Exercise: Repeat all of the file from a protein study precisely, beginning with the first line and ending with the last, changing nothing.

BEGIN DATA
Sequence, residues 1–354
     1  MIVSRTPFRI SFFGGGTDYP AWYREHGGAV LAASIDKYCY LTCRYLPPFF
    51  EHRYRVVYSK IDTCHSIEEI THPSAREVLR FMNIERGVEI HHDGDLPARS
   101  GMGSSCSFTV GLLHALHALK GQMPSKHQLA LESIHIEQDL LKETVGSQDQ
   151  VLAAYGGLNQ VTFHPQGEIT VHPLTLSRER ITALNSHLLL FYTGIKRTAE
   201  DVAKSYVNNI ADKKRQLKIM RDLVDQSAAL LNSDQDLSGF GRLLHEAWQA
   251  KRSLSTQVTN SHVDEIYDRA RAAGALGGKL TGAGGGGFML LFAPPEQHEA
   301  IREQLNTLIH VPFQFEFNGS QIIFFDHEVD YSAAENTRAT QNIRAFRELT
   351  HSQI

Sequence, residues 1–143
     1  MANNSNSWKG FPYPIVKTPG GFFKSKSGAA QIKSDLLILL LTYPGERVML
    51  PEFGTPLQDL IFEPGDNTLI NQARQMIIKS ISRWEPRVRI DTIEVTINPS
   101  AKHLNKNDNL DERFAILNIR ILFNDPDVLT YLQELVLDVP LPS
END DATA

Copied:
Sequence, residues 1–354
     1  MIVSRTPFRI SFFGGGTDYP AWYREHGGAV LAASIDKYCY LTCRYLPPFF
    51  EHRYRVVYSK IDTCHSIEEI THPSAREVLR FMNIERGVEI HHDGDLPARS
   101  GMGSSCSFTV GLLHALHALK GQMPSKHQLA LESIHIEQDL LKETVGSQDQ
   151  VLAAYGGLNQ VTFHPQGEIT VHPLTLSRER ITALNSHLLL FYTGIKRTAE
   201  DVAKSYVNNI ADKKRQLKIM RDLVDQSAAL LNSDQDLSGF GRLLHEAWQA
   251  KRSLSTQVTN SHVDEIYDRA RAAGALGGKL TGAGGGGFML LFAPPEQHEA
   301  IREQLNTLIH VPFQFEFNGS QIIFFDHEVD YSAAENTRAT QNIRAFRELT
   351  HSQI

Sequence, residues 1–143
     1  MANNSNSWKG FPYPIVKTPG GFFKSKSGAA QIKSDLLILL LTYPGERVML
    51  PEFGTPLQDL IFEPGDNTLI NQARQMIIKS ISRWEPRVRI DTIEVTINPS
   101  AKHLNKNDNL DERFAILNIR ILFNDPDVLT YLQELVLDVP LPS